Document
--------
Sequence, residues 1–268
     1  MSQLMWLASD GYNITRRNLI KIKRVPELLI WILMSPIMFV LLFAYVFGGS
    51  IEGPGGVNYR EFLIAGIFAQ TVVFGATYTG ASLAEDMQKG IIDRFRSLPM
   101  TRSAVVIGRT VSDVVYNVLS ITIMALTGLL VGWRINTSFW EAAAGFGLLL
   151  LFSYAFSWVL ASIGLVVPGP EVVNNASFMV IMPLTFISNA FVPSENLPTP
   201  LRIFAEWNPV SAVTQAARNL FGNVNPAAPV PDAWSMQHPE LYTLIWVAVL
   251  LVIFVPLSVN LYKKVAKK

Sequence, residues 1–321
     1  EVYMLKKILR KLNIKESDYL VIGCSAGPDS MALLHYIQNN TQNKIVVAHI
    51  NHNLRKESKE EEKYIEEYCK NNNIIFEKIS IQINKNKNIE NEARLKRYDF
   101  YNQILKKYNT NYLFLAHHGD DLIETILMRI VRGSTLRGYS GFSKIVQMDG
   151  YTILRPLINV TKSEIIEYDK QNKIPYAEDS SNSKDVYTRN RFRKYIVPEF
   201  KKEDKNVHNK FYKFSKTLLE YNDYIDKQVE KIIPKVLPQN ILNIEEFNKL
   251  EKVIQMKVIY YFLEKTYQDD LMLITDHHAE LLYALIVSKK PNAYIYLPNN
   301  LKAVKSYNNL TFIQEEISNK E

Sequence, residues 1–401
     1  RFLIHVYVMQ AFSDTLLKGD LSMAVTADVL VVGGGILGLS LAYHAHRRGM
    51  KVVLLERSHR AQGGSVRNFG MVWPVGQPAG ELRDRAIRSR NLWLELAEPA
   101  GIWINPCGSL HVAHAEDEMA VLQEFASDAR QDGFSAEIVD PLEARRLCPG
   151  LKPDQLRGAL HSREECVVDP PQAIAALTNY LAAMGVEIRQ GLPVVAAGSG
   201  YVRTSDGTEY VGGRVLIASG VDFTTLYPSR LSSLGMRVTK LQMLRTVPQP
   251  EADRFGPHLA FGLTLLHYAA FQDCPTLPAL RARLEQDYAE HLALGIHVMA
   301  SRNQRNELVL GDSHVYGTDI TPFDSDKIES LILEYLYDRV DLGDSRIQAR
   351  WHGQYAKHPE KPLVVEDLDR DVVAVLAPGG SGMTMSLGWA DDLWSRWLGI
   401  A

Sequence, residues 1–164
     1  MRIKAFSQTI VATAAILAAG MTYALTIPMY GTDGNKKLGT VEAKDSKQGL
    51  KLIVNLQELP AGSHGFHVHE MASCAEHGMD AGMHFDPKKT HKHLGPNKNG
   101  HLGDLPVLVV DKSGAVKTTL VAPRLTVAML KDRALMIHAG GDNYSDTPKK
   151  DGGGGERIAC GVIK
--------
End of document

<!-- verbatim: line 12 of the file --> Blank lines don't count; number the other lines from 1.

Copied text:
   151  YTILRPLINV TKSEIIEYDK QNKIPYAEDS SNSKDVYTRN RFRKYIVPEF